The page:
This oil-tanned belt also looks the part, no wonder strongmen often choose it as their go-to support accessory. Let it be a log lift, a deadlift a squat or even a yoke lift, the RDX Powerlifting Belt will increases spine and core stability.

Mytra Fusion 6" on white backgroundT3 Approved badge

(Image credit: Mytra Fitness)

7. Mytra Fusion

Best 6-inch weightlifting belt

Specifications

Material: Nappa cow grain leather
Size: 6 inches
Sizes: Small-X Large (24"-38")
Thickness: N/A

Reasons to buy

+
Classic look
+
Reasonably-priced

Reasons to avoid

-
Quite bulky

The Mytra fusion uses a surprising amount of tech, considering that it is 'only' a weight lifting belt and not a triathlon bike.

For example, the WZX-Core padding offers extended protection to the lumber and spinal area whilst special FRG-Back Rest technology enhances the comfort level of the spine and vertebral column to the maximum during the lifting and workout sessions.

The steel double-pronged buckle system is plenty secure enough for most lifts you might ever attempt in the gym, let alone home. The Fusion Mytra is a 6-inch belt, meaning it is suited for people who require a lot of support in the lower back area. Not to mention it looks pretty cool, though.

person performing a deadlift exercise in a gym wearing a weight lifting belt

(Image credit: Harbinger Fitness)

How to choose the right weight lifting belt?

There are a few things you need to consider before buying a weight lifting belt.

Firstly, material: the most popular versions are made out of either leather or neoprene. Leather belts tend to be more rigid as well as being sturdy, offering ample amount of lumbar support for even heavier lifts. On the other hand, neoprene belts are more flexible and lighter, fit in your bag better and mould to your body shape more.

Weight lifting belts also come in either 4-inch or 6-inch sizes. This doesn't mean the length of the belt but the width of the middle area of the belt where it supports your back. The 6-inch variety provides more lumbar support whilst the 4-inch version is less restricting.

Speaking of sizes: although weight lifting belts use the same sizing names as other items of clothing (small-medium-large and so on), they aren't the same size as said clothes. So, if you buy medium t-shirts, a medium weight lifting belt might be too small for you. Always check the sizing guides before you buy one to avoid disappointment and the hassle of returning and replacing your belt with the retailer.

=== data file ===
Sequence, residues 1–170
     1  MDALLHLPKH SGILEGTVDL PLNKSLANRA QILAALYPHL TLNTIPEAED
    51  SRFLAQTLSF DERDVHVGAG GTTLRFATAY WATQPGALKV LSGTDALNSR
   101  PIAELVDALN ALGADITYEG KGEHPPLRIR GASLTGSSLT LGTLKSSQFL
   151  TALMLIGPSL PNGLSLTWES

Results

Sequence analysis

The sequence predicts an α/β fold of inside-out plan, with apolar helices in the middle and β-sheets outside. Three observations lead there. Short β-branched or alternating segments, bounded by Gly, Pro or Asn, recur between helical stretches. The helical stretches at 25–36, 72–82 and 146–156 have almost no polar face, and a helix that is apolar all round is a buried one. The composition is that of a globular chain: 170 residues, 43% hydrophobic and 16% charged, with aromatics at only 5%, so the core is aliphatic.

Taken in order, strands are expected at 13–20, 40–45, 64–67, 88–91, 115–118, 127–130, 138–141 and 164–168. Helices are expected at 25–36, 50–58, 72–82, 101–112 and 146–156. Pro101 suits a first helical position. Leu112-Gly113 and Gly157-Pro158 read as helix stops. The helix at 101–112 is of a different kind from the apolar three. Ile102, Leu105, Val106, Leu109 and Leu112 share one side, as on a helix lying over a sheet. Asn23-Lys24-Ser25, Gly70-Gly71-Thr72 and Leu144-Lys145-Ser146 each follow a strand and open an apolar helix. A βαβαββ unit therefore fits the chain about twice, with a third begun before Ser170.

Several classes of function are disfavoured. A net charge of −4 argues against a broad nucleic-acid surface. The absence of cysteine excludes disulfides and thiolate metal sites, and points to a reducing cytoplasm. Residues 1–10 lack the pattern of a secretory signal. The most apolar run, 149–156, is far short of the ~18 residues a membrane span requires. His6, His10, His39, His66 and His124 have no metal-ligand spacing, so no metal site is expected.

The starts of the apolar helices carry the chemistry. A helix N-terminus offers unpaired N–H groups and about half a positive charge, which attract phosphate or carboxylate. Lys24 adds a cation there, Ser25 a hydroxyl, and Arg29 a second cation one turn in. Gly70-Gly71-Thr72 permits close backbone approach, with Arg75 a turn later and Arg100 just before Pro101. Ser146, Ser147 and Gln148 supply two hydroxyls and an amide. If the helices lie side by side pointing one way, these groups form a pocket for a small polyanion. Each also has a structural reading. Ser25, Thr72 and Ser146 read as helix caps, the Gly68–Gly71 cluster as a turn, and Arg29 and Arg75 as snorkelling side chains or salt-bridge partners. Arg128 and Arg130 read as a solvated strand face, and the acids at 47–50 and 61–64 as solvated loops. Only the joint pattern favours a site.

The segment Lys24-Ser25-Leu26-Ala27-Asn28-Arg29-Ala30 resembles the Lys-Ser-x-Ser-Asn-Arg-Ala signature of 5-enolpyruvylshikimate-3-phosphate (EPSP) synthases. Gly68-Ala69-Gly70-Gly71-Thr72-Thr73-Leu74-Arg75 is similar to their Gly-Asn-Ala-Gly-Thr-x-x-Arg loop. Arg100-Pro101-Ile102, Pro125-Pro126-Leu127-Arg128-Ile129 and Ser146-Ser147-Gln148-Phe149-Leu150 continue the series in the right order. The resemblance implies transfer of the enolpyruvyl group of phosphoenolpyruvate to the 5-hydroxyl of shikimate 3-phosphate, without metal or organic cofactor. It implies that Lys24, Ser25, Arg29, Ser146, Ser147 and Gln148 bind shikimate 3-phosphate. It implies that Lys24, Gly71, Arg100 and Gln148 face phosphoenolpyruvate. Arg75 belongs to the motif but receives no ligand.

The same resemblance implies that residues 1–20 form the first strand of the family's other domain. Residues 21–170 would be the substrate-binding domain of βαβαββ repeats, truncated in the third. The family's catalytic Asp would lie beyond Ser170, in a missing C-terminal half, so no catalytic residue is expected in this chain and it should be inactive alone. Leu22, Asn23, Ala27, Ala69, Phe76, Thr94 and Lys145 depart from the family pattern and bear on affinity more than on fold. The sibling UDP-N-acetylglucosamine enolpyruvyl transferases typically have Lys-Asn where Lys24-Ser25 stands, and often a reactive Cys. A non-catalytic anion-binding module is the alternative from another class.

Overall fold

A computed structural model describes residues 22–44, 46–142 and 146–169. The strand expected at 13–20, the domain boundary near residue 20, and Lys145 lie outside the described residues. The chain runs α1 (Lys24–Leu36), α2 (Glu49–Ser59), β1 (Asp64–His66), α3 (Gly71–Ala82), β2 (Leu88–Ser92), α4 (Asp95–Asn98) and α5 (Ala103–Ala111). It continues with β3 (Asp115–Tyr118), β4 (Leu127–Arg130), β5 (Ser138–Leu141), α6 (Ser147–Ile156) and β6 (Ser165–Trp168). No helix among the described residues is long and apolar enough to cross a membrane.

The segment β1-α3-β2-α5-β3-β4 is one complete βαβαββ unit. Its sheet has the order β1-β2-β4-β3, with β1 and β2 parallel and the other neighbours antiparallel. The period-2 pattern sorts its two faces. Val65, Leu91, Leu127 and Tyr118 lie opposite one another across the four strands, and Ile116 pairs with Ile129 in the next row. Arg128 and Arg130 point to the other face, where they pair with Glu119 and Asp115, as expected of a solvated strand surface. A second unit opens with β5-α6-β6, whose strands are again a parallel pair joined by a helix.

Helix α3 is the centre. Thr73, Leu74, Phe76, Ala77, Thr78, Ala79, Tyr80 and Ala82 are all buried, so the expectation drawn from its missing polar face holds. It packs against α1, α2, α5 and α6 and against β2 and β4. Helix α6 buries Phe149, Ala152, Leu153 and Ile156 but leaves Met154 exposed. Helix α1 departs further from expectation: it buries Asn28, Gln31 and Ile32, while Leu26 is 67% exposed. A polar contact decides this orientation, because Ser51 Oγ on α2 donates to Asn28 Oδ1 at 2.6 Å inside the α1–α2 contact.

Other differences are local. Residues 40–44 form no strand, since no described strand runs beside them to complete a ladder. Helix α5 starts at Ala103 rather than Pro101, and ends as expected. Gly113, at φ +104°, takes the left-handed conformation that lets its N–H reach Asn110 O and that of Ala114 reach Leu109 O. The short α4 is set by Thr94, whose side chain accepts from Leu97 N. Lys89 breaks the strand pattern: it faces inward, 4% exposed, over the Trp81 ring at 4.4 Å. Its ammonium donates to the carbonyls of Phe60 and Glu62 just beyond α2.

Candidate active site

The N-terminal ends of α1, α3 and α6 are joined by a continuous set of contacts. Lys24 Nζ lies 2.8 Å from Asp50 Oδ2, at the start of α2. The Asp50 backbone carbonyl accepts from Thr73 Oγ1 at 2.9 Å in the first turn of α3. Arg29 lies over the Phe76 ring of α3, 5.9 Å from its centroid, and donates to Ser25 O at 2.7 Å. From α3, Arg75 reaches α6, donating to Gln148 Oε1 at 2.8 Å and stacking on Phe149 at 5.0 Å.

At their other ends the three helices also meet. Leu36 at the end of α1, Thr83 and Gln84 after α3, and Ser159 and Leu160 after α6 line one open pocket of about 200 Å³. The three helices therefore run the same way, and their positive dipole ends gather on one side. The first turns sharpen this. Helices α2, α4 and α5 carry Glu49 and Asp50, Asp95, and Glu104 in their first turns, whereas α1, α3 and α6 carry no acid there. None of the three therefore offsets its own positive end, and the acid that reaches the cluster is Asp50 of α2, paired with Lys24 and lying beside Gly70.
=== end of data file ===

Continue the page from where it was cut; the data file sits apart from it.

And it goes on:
There are also different fastening methods you can choose from. Some weight lifting belts use quick-release buckles that can be fastened and unfastened with one hand and other belts have heavy-duty double-pronged buckles.

The neoprene ones most usually use a quick-release fastener whilst the leather belts use pronged buckles. In theory, the double-pronged leather bands are the strongest, but saying this, weight lifting belts don't have to hold actual weights, they 'only' have to support your back and abdomen when you lift (or squat). So, having a tensile strength that can hold a small truck might not be all that useful. For added peace of mind, though, you can always get a really strong belt.

Should you use a belt when lifting?

Whether you should use a lifting belt depends on a variety of factors but generally speaking, you can get away with not using one – not even for deadlifts or squats – for a long time as long as you perform these exercises with the correct form. That said, you should never compromise on form, even when you wear a lifting belt. They can give you some support but won't be able to undo the damage you can do by not activating your core before heavy lifts.

As an example, and this is definitely not a rule of thumb, just a personal anecdote, I can do four sets of 12 deadlifts using 1.5-times my body weight without using a belt. The amount you can lift without a belt can vary from person to person and the most important thing you can do is to listen to your body: once you feel a strain on your lower back, start wearing a belt. Especially if you do deadlifts/squats often (e.g. you're a powerlifter).

Matt Kollat
Fitness Editor

Matt is T3's Fitness Editor and covers everything from smart fitness tech to running and workout shoes, home gym equipment, exercise how-tos, nutrition, cycling, and more. His byline appears in several publications, including Techradar (opens in new tab) and Fit&Well (opens in new tab), and he collaborated with other fitness content creators such as Garage Gym Reviews (opens in new tab).